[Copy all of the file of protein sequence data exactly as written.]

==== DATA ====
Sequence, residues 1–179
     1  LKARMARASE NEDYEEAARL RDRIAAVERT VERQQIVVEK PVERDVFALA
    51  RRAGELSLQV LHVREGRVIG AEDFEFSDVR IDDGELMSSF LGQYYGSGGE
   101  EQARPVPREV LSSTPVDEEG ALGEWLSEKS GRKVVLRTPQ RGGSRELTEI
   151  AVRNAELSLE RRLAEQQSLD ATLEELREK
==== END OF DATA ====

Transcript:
Sequence, residues 1–179
     1  LKARMARASE NEDYEEAARL RDRIAAVERT VERQQIVVEK PVERDVFALA
    51  RRAGELSLQV LHVREGRVIG AEDFEFSDVR IDDGELMSSF LGQYYGSGGE
   101  EQARPVPREV LSSTPVDEEG ALGEWLSEKS GRKVVLRTPQ RGGSRELTEI
   151  AVRNAELSLE RRLAEQQSLD ATLEELREK